Upright and Outside, Moving

Wandering Two: staying upright (RUN! may 30, 2017)

“And since we will be
horizontal ourselves
for so long,
let us now honor
the gods of the vertical” (Paston, Vertical)

Sunday morning—23 degrees, both ponds frozen and glassy. Six miles. About an inch of ice on the trail—frozen snow-melt, frozen slush—but I managed to stay upright….What Wittgenstein wanted from philosophy in the second half of his career was a way to stay upright. ‘We have got onto slippery ice where there is no friction,’ he warned, turning his gaze away from perfection and trying to make out how people actually move and think and make connections…It’s the dailiness of these runs I like

Gardner, 54

One goal of my running? Staying upright. Active. Moving. Grounded. Connected. In conversation with the world, with my body, with my breathing, with dreaming and wondering and real possibilities, rooted in the realities of my limits. Resisting restlessness.

god/ Sara Lynne Puotinen

today I saw god
near the end of my long run
a verb not a noun
the act of being upright
performed by Daily Walker

since starting to run
and to write while running this
walker has been here
faithfully walking moving
being outside near the gorge

today I noticed
and said “good morning” instead
of just running by
an act of pure attention
performed beside the river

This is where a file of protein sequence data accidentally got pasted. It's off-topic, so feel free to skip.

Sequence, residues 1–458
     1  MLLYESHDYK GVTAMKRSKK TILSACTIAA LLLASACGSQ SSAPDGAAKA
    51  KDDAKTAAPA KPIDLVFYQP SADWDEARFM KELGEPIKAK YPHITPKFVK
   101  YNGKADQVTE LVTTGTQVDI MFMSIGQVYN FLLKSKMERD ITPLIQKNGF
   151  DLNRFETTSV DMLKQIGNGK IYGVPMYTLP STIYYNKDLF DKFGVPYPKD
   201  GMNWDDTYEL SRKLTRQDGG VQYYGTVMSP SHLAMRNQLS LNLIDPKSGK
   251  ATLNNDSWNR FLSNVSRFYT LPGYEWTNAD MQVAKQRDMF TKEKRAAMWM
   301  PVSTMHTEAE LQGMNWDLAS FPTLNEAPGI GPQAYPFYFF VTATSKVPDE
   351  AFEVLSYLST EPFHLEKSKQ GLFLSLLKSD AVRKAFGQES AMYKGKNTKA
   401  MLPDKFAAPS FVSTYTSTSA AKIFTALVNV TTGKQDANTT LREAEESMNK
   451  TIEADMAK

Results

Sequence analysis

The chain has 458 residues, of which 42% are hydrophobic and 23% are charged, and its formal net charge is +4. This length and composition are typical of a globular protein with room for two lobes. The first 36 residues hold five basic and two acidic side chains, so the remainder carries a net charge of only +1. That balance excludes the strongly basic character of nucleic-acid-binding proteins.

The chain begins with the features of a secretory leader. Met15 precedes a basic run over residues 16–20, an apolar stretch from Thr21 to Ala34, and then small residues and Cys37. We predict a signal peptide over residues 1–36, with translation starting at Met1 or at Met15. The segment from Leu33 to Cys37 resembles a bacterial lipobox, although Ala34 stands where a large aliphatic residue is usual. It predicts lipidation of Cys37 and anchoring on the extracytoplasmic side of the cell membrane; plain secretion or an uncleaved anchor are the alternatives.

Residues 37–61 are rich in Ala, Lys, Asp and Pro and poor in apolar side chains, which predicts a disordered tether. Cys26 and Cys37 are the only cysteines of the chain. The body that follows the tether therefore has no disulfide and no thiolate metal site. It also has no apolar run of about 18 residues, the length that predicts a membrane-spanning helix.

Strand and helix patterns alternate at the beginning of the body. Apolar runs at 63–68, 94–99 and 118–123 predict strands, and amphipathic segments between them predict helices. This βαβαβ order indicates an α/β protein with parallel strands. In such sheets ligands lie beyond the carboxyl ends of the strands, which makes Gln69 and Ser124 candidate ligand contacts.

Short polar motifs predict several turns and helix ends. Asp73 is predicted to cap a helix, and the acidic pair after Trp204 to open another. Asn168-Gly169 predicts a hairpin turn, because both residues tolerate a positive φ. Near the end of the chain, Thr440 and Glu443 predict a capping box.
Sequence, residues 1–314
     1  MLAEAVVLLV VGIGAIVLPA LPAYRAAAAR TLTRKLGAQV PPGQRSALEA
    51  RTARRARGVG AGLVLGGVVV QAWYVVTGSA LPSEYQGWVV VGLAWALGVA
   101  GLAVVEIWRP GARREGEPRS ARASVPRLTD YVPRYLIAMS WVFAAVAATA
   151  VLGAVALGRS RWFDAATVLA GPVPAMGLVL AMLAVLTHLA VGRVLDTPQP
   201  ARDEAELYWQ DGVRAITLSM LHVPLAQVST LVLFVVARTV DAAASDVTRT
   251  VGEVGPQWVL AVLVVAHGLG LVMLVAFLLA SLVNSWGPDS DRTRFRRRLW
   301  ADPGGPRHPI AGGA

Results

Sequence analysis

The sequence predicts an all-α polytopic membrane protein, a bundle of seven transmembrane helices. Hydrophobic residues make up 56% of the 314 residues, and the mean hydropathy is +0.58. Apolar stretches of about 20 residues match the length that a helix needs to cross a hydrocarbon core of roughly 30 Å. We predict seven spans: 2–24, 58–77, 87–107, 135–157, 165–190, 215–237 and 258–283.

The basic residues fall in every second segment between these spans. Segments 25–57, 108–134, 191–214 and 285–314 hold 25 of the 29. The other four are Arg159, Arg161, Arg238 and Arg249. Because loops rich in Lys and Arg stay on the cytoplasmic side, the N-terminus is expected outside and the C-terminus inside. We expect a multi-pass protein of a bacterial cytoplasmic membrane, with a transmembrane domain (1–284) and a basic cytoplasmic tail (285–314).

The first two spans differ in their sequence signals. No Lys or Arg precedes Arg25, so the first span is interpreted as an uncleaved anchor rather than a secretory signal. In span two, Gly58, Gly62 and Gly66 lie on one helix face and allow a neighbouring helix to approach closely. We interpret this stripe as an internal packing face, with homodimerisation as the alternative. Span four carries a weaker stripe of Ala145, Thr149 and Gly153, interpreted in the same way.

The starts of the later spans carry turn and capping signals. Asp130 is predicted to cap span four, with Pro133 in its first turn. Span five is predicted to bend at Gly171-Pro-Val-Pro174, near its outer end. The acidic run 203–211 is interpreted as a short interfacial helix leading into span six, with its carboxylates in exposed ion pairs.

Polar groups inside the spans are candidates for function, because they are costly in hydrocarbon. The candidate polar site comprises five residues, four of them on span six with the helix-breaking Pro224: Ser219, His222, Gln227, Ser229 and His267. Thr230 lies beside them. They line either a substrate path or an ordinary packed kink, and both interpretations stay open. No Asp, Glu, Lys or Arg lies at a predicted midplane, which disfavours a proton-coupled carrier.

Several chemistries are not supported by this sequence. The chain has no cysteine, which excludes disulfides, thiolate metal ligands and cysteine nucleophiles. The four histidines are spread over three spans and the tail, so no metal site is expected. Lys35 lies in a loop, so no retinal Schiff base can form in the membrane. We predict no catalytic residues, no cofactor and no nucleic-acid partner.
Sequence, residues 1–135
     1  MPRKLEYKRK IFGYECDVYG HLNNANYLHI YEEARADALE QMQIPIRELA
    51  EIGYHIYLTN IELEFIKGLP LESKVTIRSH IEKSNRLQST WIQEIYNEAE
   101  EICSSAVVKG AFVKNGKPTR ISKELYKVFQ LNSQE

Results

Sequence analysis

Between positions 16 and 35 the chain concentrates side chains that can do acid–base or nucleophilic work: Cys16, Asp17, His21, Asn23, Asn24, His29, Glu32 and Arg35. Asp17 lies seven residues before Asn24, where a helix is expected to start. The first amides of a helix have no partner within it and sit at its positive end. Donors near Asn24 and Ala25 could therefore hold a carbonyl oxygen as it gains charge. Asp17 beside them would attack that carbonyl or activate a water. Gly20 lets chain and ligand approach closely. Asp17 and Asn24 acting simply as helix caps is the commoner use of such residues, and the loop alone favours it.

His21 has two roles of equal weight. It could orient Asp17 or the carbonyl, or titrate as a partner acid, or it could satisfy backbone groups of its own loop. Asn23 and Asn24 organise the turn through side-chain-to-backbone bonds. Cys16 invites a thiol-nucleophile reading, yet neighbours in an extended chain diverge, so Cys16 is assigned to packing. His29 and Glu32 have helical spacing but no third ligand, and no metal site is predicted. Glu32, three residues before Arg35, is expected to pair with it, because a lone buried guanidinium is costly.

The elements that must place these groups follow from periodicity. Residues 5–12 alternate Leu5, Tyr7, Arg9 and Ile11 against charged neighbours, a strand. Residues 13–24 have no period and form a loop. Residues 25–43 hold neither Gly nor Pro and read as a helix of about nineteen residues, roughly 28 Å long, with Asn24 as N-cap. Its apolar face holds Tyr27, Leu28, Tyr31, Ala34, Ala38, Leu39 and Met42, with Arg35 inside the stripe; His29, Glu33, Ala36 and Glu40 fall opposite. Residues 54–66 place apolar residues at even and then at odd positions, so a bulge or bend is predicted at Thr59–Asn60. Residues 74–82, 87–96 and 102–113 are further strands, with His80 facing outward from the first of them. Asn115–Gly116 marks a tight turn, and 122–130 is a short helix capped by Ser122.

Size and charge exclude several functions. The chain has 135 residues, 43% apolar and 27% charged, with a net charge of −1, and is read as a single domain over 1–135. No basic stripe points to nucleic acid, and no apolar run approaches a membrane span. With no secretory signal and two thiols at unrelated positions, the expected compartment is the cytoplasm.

Can they dance?

We do not belong to those who have ideas only among books, when stimulated by books. It is our habit to think outdoors—when walking, leaping, climbing, dancing, preferably on lonely mountains or near the sea where even the trails become thoughtful. Our first questions about the value of a book, of a human being, or a musical composition are: Can they walk? Even more, can they dance?” (Gros, 18, org. from Nietzsche, Gay Science).

Poetry and Associations

The drifting, associating, linking experience that poetry creates is central to the way it makes meaning.

Poetry by its nature makes meaning by revealing hidden connections.

Associative movement can manifest in metaphor or other figurative language. It can be in the juxtaposition of facts that do not ordinarily belong tougher, but that the poem makes seem inevitably related. Or in a leap in the narrative of a poem. Or something musical, like rhyme or some other sound association….Something that literally or conceptually rhymes or chimes with what has come before (129-130, Why Poetry/ Zapruder).

Vigor, not Rigor